LAX: research vs reality – the research part 1

I’m currently planning a trip to Las Vegas for in 2 weeks. Since there are no direct flights from Melbourne to Nevada’s Sin City, I’m flying through the US’s third busiest airport, Los Angeles or simply called LAX after it’s IATA code. I have only been once to Los Angeles and its airport and I was 12 years old at the time. Therefore I can’t really remember it any more (probably because Disneyland was far more interesting than airports in those days). Besides, even if I could remember it vividly, I doubt it would still look the same today (let’s hope it doesn’t!). That’s why I want to provide you with an interesting little experiment: I’m going to show you how to research LAX for its facilities and then compare my analysis with the real results when I’m there. So here’s part 1 of the research.

When researching an airport there are a few general options you have:

  1. Ask friends who have been there
  2. Ask your travel agent
  3. Research it yourself with the help of the internet

While I love my friends I doubt they pay that much attention to a particular airport’s facilities. Plus depending on their own needs, they might have missed that one particular part I would like best. With the travel agent it’s similar: they may have some additional information for really busy airports and are most likely able to tell you in how to get from one terminal to another, but I doubt that they will be able to find you that massage place you’re after your long red-eye flight. That leaves doing it yourself. And thank god there’s the internet as today you have the luxury of a wealth of information available on the touch of a keystroke.

After you checked out LateDeparture and found out that in this very rare case we don’t have any information about your airport, I suggest to search for it on one of the common search engines. Entering “Los Angeles Airport” into Google, for example, brings up a number of entries (actually Google has over 65 Million results for that search). Looking at the first page of those results, what I often find is that many of the entries are spoof entries from services around hotels, parking or flights and finding the official website can sometimes be tricky. That’s why I suggest to first look at the Wikipedia entry of a particular airport. With that you get a good initial view of the place and it always provides you the link to the official website near the bottom of the entry. Having found that page I can see that the airport provides me with a terminal map in PDF format which is perfect if I want to print it and bring it with me. Since I arrive in Terminal B, the airport’s International Terminal, I want to have a closer look at that terminal first. On that map I can see that there’s a food court on the upper level and among other eateries also has a Hot Dog place. That would be something of interest to me, for example. Then I’m only arriving in the International terminal, and therefore it’s likely that I won’t be able to go to the Departure section (which the food court is part of). Plus, I will arrive in the morning and are therefore probably in bad need of a decent coffee as quickly as you can say Latte. The map tells me that there’s a “Daniel’s Bistro” on the arrival level, which most likely will have coffee – so let’s note that down. Entering that bistro’s name into the search engine even brings me to their website and with that to the list of offered coffees.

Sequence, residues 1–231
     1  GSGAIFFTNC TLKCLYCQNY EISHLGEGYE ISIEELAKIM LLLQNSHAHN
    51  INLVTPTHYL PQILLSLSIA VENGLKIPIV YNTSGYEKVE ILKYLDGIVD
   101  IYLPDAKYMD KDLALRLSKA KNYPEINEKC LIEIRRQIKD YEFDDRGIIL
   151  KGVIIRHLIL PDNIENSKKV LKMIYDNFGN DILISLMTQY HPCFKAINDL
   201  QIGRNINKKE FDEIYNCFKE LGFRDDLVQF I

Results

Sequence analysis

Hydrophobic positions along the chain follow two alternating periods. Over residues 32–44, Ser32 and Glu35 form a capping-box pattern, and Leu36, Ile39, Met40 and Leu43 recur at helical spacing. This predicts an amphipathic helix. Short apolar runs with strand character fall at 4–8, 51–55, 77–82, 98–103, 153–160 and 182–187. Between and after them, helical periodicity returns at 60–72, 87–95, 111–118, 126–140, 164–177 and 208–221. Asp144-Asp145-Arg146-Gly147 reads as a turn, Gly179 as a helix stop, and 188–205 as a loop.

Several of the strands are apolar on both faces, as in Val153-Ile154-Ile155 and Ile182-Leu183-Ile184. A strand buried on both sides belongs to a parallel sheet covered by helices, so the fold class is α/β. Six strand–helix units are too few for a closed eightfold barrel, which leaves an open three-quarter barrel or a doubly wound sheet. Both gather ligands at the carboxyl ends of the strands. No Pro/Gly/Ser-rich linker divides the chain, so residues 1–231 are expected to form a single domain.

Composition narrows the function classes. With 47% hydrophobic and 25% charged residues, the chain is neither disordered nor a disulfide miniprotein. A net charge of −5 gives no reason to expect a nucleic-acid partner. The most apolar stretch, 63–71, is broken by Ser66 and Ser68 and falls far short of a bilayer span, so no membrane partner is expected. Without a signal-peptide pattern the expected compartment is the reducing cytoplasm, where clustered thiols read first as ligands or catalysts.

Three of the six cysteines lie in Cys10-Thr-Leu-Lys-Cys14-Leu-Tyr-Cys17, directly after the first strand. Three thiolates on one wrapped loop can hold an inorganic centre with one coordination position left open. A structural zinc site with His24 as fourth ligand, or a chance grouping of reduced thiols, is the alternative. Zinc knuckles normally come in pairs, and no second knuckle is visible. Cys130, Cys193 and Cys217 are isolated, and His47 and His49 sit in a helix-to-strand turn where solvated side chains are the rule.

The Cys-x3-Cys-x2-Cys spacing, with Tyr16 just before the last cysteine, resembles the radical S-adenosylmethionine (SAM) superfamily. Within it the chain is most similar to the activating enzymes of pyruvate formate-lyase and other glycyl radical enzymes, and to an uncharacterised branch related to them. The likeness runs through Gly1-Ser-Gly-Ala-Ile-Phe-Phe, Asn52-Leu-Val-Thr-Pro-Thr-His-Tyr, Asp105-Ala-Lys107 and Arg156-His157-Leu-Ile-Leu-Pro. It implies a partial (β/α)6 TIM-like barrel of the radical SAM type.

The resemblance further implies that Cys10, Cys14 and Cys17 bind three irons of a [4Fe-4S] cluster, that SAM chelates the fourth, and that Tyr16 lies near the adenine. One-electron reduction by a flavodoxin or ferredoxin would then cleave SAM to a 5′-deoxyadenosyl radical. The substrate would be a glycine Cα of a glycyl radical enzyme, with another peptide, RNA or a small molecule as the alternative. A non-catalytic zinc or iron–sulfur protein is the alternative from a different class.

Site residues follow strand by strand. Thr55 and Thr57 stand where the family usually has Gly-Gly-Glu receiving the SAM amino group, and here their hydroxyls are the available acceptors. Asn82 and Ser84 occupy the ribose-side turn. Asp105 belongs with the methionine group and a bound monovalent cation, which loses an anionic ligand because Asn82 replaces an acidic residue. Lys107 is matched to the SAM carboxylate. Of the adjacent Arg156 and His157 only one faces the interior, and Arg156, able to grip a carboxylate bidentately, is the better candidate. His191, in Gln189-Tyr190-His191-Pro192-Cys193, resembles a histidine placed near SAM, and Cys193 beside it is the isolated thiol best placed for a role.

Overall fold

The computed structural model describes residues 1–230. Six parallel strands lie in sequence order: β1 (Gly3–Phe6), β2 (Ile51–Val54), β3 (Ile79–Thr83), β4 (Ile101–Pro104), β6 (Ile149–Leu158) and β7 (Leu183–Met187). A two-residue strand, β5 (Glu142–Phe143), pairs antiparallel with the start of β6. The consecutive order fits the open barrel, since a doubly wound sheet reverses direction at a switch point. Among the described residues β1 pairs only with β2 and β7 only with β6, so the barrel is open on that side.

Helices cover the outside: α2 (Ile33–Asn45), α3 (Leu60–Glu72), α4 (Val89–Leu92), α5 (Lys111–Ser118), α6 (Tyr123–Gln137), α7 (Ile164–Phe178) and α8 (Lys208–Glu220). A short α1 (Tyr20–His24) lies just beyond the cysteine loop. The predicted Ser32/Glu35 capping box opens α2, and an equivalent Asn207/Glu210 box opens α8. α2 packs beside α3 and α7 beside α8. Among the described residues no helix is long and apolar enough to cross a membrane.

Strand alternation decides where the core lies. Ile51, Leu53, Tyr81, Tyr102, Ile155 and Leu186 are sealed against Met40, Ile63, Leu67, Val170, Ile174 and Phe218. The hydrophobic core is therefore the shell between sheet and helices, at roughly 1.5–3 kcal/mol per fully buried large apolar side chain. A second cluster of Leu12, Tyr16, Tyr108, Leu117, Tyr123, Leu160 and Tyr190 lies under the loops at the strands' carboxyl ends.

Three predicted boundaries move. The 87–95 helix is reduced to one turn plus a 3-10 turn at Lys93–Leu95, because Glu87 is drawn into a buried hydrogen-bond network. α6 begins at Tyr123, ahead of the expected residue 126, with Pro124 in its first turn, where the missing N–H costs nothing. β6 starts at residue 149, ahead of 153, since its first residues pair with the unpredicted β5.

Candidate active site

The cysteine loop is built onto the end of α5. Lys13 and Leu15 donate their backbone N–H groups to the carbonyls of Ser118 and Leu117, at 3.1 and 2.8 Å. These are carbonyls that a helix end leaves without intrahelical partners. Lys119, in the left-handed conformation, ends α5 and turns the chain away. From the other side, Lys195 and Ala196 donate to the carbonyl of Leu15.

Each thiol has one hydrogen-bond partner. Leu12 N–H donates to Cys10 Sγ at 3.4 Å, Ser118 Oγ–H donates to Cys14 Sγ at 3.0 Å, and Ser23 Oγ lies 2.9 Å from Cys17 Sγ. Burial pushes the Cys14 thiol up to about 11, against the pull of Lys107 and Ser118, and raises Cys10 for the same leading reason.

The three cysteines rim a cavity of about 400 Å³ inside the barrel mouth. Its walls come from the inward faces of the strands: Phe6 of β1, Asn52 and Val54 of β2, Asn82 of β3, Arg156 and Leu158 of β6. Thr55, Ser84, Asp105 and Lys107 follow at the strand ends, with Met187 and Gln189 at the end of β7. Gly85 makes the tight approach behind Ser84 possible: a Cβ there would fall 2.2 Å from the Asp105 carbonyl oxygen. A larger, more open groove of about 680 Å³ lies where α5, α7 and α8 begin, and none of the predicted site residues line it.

Next week I’m going to show you how to research your transfer to another terminal and I’m going to provide you with my researched, what-to-do list for my departure terminal. Stay tuned, safe travels and ready you in a week!

To be continued…

[Photo from Wikipedia – Florencio Briones (User:Flobrio) – some rights reserved]

  • LAX is one huge and busy airport. I’ve only been there twice and was so worried that I would get lost.